Bootstrapping Uncertainty Bounds for Loss Estimates

July 17, 2017

Try as you may, you can no more lift yourself up by your bootstraps than you can by pulling on your hair. The term “bootstrapping” has come to mean doing something apparently magical or impossible, and means different things in different fields. In statistics, bootstrapping is any test or metric that relies on random sampling with replacement. It is a computer-intensive resampling technique that involves a relatively simple procedure repeated many times. Bootstrapping was first introduced by Bradley Efron in 1979 and with the availability of ever-more computer power it has become widely used.

Understanding the uncertainty involved in a loss estimate is always important in the financial sector. However, quantifying the uncertainty is often limited by data availability. For example, we generally use all our data to construct an exceedance probability (EP) curve of losses. To put error bars on the EP curve, we either need to know or assume the distribution of the losses (e.g., a normal distribution), or we need to have several similar data sets for the estimation. If neither is available, how do we estimate the upper and lower bounds of each loss value on the EP curve?

Bootstrapping comes in handy for estimating the uncertainty bounds with just one data set. This is called one sample estimation in statistical terminology. To illustrate the technique let’s take a look at how we prepared a table for the Florida Commission on Hurricane Loss Projection Methodology when the AIR Hurricane Model for the U.S. was submitted for approval earlier this year. AIR was required to provide the uncertainties of the personal and commercial residential probable maximum loss for various return periods. Table 1 displays the figures taken directly from the submission.

Table 1. Personal and Commercial Residential Probable Maximum Loss  for Florida (Annual Aggregate). (Source: AIR)

Return Period (Years)

Estimated Loss Level (USD Millions)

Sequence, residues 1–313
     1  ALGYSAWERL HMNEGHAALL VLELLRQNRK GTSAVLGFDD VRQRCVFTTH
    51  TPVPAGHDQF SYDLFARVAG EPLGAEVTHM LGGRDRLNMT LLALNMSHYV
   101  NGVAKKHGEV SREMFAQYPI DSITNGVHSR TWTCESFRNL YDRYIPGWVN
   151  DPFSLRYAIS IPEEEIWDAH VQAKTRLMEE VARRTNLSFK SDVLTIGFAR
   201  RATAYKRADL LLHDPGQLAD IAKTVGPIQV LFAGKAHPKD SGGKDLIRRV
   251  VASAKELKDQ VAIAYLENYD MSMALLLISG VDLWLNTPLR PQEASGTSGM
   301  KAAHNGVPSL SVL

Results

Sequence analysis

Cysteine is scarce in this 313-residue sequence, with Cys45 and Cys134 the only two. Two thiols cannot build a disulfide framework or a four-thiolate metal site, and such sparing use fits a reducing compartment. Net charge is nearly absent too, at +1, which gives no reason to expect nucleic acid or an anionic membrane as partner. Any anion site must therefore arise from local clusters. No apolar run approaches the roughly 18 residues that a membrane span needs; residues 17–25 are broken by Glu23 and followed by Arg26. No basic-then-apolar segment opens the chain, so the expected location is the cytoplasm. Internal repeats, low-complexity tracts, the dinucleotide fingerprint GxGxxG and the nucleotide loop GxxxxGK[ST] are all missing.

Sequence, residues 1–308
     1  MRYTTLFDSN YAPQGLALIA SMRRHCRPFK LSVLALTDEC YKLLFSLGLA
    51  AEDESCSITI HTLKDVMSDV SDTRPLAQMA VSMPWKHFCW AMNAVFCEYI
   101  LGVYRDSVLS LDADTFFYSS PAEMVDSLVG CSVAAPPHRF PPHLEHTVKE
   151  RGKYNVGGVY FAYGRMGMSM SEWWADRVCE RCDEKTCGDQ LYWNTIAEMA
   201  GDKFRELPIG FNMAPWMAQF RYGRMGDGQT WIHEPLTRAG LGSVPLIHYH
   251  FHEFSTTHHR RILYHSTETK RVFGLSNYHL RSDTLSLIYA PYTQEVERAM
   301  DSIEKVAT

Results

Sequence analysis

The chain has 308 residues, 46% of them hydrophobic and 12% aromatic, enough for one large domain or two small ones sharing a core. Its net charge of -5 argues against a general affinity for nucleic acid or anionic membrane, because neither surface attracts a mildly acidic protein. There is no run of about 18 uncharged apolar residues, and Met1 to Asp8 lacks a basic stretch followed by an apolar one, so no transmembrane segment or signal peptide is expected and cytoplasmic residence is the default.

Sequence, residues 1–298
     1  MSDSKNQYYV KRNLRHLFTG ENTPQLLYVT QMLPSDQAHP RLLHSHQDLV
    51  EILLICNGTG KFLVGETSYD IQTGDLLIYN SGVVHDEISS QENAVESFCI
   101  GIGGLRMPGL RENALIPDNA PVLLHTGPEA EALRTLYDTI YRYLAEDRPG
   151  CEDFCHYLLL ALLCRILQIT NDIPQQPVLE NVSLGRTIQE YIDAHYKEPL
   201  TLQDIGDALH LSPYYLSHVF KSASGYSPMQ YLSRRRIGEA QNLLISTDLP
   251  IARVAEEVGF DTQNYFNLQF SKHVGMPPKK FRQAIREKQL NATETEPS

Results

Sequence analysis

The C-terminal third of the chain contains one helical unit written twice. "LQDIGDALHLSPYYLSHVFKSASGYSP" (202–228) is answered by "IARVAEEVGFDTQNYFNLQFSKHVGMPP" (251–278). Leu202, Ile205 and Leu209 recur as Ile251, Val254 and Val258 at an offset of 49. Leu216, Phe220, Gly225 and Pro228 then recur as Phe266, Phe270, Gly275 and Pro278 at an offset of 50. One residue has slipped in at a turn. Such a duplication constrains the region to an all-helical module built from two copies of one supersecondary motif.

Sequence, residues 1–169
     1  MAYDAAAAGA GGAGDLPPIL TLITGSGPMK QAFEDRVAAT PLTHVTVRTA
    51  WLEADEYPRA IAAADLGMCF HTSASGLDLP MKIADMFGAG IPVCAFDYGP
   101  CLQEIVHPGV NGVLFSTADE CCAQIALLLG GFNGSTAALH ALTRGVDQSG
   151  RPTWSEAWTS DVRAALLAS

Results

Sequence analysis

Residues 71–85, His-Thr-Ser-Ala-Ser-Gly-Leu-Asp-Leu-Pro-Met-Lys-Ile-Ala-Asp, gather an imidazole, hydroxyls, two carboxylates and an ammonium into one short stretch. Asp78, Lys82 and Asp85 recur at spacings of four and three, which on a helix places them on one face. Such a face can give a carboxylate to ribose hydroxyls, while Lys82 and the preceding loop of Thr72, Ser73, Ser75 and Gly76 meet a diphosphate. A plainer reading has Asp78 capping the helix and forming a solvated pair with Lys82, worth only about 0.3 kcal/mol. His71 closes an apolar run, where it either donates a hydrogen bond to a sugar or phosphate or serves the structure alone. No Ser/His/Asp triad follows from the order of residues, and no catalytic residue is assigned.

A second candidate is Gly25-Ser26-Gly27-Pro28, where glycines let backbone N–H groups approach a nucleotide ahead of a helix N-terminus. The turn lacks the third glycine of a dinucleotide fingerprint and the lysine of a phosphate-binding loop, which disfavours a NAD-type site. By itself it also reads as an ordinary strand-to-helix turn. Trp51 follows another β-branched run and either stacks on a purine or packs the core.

Uncertainty Interval (USD Millions)

Top Event

341,541

297,016 to -

1,000

150,697

137,537 to 158,540

500

120,232

111,883 to 127,384

250

97,022

93,396 to 101,145

100

64,718

61,614 to 67,017

50

44,076

42,253 to 45,549

20

22,339

21,541 to 23,048

10

11,212

10,908 to 11,572

5

4,028

3,901 to 4,157

The estimated annual losses (Column 2 in Table 1) for various return periods (Column 1) were obtained by using the AIR Hurricane Model for the U.S. along with the AIR 50K stochastic catalog. Note that this catalog is considered as one sample in the sense that we only “know” the annual losses in a 50K year period. If we believe that these 50K values (i.e., one annual aggregate each year from Year 1 to Year 50,000) are all we can get in another 50K year period, each year is uncorrelated to another, and the probability of getting each value is equally likely, then we can view the population as one large pool with infinite supply of each of these 50K values.

With this consensus, we can draw many 50K year samples (say, 100K) from our existing 50K year sample and compute Column 2 for each of these 100K (bootstrapped) samples. For each return period (say, 1,000-year return period), we sort the 100K values, from low to high, to obtain the 2.5% (i.e., 2,500th) and 97.5% (i.e., 97,500th) values. These values become the 95% uncertainty intervals (Column 3). Note that since there is infinite supply of each of the 50K values, it is probable that we will draw one value many times in a sample. Therefore, we need to set the sampling scheme to “sampling with replacement”. In this way, we construct the distribution of the annual loss for each of the return periods and obtain the 95% confidence values.

Questions about uncertainty

Bootstrapping can be used to answer questions about the uncertainty of a loss estimate for any return period without making assumptions about the loss distribution. For example, if an AIR client tries to validate an AIR model with their own 35-years’ claims data set, we could construct a 35-year EP curve from the AIR model with uncertainty bounds using this method. Then we can assess whether the client’s data fall into the uncertainty bounds of the AIR model. In addition to annual aggregates, uncertainties of other test statistics (such as median annual loss, annual occurrence, or even a ratio of AAL for 1,000-year return period to that for 100-year return period) can be constructed using the bootstrapping technique.

We do not make any assumptions about the distribution of the test statistic (the annual aggregate in our example); we construct the distribution of the test statistic, and we assume that the values in our sample are good representatives of the entire population. Note that there are bias correction techniques for the uncertainties generated from bootstrapping that can occur when a bootstrap median deviates from the original sample estimate, but this topic is beyond the scope of this short blog. Finally, the bootstrapping technique tends to produce larger uncertainty intervals (i.e., more conservative) than those obtained by using parametric methods (i.e., distribution-based).  But it’s still pretty cool.

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